Google Doodle honours Max Born, the German Nobel laureatehttps://indianexpress.com/article/trending/trending-globally/google-doodle-honours-max-born-the-german-nobel-laureate-quantum-mechanics-physics-4977069/

Google Doodle honours Max Born, the German Nobel laureate

Google has dedicated beautiful doodle to honour Max Born, a pioneer whose concepts became the basics for narrating the growth story of modern Quantum physics predictions.

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In 1954, Born was awarded with Nobel Prize for the Born Rule, a quantum theory to predict the location of wave particles by the use of mathematical probability (Google Doodle)

From modern day personal computers, lasers, medical imaging devices (MRI), to an array of other significant game-changing inventions, these discoveries have significantly shaped the growth antilogarithm of the technological era of today. Google Doodle today is honouring German physicist Max Born for his contribution to area of Quantum mechanics.

On his 135th birth anniversary, Google has dedicated beautiful doodle to honour Max Born, a pioneer whose concepts became the basics for narrating the growth story of modern Quantum physics predictions.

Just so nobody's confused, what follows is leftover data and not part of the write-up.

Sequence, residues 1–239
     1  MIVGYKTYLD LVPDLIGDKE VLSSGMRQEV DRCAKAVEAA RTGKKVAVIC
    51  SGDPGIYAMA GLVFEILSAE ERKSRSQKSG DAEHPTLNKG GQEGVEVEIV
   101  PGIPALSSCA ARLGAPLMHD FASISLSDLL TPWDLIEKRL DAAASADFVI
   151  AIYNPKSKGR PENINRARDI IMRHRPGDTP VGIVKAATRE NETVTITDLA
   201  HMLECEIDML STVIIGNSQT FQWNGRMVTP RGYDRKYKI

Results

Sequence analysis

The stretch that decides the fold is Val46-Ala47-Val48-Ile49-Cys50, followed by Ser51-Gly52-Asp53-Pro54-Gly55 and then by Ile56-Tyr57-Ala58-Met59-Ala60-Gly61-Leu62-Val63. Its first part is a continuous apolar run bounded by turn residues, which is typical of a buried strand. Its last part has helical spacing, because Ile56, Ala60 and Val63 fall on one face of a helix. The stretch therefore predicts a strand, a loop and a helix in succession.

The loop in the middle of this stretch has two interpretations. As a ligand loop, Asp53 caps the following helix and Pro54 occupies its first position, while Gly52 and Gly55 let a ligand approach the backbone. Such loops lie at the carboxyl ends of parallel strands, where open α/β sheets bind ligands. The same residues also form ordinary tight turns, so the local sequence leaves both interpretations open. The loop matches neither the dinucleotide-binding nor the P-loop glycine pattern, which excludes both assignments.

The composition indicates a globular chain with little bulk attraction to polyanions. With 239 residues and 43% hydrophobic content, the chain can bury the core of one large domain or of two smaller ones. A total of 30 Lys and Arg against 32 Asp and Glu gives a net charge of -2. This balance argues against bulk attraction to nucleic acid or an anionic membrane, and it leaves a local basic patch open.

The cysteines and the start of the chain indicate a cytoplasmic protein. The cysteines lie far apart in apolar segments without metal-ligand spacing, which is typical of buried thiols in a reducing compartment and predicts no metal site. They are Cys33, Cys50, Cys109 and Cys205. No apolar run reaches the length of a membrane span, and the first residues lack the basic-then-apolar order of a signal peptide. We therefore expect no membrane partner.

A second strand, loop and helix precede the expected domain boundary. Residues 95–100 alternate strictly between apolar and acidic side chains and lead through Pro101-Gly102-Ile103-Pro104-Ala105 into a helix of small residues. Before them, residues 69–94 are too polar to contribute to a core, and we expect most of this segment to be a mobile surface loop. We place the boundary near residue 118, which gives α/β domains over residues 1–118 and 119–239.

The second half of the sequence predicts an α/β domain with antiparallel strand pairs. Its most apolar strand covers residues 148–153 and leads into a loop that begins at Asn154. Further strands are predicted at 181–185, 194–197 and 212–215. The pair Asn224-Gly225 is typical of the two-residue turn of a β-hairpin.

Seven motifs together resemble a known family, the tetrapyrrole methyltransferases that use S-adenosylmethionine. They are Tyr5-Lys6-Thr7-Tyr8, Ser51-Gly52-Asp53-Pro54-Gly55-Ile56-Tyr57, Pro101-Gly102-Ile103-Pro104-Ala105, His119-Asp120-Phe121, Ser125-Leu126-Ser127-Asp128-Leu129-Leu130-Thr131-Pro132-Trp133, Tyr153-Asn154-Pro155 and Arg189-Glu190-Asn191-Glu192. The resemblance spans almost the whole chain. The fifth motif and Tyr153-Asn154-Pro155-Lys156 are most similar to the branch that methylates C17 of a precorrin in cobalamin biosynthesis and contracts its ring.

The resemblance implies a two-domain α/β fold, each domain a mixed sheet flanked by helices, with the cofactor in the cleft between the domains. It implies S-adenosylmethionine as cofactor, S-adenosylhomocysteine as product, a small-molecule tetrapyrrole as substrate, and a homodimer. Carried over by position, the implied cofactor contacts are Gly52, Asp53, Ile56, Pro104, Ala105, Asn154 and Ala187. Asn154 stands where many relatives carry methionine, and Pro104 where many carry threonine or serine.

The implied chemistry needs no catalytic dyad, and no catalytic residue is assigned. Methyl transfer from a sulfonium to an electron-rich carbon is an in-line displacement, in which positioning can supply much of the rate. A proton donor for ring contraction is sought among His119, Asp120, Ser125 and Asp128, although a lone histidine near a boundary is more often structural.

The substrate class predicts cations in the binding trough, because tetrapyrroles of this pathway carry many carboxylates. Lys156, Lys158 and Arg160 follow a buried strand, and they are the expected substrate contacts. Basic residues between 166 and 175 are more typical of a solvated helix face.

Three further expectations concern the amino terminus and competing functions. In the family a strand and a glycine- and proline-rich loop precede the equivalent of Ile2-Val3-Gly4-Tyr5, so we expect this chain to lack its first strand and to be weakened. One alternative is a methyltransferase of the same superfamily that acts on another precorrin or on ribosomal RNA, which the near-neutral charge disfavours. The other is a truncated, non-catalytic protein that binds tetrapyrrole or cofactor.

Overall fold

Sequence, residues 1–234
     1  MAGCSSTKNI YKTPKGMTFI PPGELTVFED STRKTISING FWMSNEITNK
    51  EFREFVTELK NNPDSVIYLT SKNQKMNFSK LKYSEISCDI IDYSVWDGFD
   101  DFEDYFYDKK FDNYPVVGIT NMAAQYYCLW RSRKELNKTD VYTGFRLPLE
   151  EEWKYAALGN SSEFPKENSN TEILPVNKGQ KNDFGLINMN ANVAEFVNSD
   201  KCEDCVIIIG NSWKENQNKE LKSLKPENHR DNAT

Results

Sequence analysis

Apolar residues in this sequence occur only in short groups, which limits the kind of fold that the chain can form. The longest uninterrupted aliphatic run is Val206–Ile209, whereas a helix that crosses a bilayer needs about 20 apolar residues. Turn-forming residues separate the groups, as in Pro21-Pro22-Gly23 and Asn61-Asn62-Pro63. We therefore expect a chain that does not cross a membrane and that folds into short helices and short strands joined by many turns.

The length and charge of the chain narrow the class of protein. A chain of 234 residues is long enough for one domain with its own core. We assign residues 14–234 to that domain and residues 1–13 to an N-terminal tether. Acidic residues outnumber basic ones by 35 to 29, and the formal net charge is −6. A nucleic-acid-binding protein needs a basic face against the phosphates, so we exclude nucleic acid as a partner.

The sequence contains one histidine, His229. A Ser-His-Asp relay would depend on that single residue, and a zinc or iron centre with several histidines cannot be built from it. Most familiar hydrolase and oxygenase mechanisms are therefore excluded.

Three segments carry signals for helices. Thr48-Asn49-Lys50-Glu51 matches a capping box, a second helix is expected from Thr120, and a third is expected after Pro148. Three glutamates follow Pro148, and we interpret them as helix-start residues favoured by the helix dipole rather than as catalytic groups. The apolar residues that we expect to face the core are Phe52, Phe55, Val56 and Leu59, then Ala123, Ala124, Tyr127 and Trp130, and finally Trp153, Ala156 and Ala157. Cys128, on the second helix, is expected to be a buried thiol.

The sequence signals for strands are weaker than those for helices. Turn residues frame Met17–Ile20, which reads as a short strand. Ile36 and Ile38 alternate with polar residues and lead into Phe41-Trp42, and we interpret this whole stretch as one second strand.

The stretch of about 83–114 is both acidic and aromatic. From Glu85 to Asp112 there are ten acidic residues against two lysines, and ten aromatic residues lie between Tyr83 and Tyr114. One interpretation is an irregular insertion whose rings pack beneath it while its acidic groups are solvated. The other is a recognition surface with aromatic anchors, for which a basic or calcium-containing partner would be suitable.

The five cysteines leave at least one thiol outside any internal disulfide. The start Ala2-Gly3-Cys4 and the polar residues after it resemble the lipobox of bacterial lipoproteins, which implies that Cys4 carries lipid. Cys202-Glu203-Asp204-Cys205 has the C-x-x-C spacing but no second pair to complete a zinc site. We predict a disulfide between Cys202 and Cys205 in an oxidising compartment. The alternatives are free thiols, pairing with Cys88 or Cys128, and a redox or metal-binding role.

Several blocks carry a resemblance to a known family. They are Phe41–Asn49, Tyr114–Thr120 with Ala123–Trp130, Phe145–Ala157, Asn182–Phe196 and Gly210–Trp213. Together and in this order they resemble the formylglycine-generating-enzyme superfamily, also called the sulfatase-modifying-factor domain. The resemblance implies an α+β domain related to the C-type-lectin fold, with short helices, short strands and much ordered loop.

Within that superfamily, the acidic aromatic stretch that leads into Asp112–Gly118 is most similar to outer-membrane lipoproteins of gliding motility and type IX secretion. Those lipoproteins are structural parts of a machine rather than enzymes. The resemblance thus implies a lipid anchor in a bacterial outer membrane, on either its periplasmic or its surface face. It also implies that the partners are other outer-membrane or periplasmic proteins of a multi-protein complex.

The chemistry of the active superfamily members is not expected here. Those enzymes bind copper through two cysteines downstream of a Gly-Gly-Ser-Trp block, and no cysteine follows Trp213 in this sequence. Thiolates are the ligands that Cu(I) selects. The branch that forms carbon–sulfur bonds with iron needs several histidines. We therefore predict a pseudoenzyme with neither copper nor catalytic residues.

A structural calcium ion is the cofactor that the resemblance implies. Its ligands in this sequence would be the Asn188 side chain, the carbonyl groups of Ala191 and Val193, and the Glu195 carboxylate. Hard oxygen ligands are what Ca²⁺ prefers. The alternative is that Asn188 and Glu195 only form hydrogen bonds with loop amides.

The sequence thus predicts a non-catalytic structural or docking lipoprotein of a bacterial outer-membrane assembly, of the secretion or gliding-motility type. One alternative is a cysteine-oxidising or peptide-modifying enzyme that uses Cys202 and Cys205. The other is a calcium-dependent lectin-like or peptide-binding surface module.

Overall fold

Born in Breslau on December 11, 1882 to Professor Gustav Born and Margarete, Born from his childhood was an outstanding student. Having completed Ph.D. from Göttingen University, he thereafter became a professor of theoretical physics. As a Professor, he had collaborated with some of the best minds of that time.

During the Nazi uprising, in 1933, Born was forced to emigrate to England where he taught for three years as Stokes Lecturer at Cambridge University. He had also served as a lecturer at Edinburgh University for nearly two decades until his retirement in 1954.

In 1954, Born was awarded with Nobel Prize for the Born Rule, a quantum theory to predict the location of wave particles by the use of mathematical probability. Born rule challenged the previous theories that suggested wave equations were exact measurements that involves cumbersome physical measurement experiments. His theory shows that matrices or “arrays of numbers by rows and columns” could yield a similar result, relying on predictions of probability. The present day’s quantum physics predictions are mainly based on his theory.